Download as PDF
New Zealand Bill of Rights Act 1990
This is a single section from Chapter 5. Read the full chapter here.
If the limitation cannot be justified, but remains the only possible way to achieve the policy objective, is the limitation only as wide as is necessary to achieve the policy objective?
Any unjustified limitation should be restricted to that which is necessary to achieve the policy objective.
There will be cases where the Government wishes to proceed with legislation that results in an unjustified limitation on an NZBORA right. Section 6 of NZBORA requires that wherever an enactment can be given a meaning that is consistent with the rights and freedoms contained in NZBORA, that meaning shall be preferred to any other meaning.
This means that in cases where the Government wishes to proceed with legislation that is inconsistent with NZBORA, clear and unambiguous language must be used to confirm this intention.
The courts are prevented from striking down, or refusing to apply, legislation that is inconsistent with NZBORA. However, this is not a free pass to develop legislation that is inconsistent with NZBORA. Such legislation can have serious consequences.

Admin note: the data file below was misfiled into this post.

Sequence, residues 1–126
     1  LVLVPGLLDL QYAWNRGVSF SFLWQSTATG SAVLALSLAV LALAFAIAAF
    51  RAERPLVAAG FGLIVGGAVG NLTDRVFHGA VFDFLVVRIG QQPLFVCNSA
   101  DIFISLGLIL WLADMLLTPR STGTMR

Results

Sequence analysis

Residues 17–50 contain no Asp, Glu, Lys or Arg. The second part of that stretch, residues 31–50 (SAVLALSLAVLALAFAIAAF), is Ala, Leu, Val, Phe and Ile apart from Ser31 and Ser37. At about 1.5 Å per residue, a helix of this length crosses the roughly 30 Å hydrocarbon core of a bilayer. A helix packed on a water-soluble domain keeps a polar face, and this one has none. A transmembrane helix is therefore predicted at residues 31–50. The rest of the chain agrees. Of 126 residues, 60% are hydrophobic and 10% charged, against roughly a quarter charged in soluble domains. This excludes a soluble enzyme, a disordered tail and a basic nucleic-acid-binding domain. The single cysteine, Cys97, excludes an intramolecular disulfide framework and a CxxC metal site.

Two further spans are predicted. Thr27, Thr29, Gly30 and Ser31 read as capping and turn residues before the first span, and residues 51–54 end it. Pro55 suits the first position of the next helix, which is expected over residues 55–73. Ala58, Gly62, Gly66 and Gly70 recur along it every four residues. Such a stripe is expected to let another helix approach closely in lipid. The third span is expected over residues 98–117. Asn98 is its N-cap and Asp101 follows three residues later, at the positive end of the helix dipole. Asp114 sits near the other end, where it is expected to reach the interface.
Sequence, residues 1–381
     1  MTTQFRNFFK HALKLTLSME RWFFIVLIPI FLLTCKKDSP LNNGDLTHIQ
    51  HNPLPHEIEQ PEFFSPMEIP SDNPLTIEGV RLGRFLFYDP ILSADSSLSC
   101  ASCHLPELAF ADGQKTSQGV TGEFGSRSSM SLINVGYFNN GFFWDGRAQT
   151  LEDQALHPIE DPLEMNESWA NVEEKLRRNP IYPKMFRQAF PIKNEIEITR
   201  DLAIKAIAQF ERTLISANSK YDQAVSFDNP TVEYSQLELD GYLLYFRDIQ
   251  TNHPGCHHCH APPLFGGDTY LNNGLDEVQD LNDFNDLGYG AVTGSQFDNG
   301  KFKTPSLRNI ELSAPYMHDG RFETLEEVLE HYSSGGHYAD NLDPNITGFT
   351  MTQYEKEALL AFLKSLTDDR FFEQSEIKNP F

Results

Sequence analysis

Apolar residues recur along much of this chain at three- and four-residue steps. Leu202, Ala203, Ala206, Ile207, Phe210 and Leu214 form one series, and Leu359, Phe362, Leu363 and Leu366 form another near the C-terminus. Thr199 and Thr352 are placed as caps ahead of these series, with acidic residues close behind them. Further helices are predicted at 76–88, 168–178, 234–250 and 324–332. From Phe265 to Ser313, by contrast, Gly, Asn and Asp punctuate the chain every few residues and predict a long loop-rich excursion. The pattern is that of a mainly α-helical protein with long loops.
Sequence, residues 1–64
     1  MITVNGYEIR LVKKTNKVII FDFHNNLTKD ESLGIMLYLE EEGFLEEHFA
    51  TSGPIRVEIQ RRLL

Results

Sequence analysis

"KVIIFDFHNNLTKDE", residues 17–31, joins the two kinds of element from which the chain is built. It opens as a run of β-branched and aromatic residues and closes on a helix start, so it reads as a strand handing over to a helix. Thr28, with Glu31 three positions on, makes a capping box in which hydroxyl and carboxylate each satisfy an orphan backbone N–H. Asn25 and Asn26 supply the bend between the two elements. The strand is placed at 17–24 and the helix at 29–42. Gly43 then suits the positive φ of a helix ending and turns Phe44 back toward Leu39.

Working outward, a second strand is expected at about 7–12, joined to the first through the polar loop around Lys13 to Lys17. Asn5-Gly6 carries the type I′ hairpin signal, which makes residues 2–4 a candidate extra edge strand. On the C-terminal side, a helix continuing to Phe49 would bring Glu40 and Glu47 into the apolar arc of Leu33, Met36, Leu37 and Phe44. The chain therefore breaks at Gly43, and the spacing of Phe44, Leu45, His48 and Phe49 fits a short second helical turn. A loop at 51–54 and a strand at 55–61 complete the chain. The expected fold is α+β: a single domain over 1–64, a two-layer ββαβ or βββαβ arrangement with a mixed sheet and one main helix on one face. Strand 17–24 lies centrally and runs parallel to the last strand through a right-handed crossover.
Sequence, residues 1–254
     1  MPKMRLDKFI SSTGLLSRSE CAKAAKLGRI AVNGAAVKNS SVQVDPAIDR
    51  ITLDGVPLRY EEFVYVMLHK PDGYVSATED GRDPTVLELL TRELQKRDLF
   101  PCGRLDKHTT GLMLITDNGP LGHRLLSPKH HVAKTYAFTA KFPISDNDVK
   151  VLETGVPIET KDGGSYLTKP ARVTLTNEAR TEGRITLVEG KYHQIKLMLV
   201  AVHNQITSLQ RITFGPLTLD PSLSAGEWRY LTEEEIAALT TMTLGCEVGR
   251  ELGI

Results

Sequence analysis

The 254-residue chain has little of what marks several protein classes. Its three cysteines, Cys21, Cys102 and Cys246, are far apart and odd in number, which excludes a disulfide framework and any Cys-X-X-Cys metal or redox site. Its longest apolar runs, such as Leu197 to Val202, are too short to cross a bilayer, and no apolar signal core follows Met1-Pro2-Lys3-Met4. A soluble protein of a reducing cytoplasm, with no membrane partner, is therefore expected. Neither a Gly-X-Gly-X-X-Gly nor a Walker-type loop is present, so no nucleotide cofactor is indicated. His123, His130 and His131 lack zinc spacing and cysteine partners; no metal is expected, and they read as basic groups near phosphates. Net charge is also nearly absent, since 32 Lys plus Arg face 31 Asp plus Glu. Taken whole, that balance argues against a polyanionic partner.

- The Attorney-General is required to notify Parliament when a bill is introduced if a limitation on an NZBORA right is not reasonably justified and that the Bill is inconsistent with NZBORA.
- Standing Order 265(5) requires the Attorney-General’s report to be referred to a select committee. The inconsistency may then be the subject of adverse comment during the select committee process, which might attract negative publicity.
- The courts may not strike down primary legislation, but may criticise the inconsistency in their judgments.
- Legislation that is inconsistent with NZBORA will place New Zealand at risk of breaching its international human rights obligations (under the ICCPR and otherwise) and expose it to any applicable sanctions.
All possible steps must be taken to ensure that the unjustified limitation is the least limitation required to achieve the policy objective. Additional procedures or safeguards that might further mitigate the limitation should also be considered.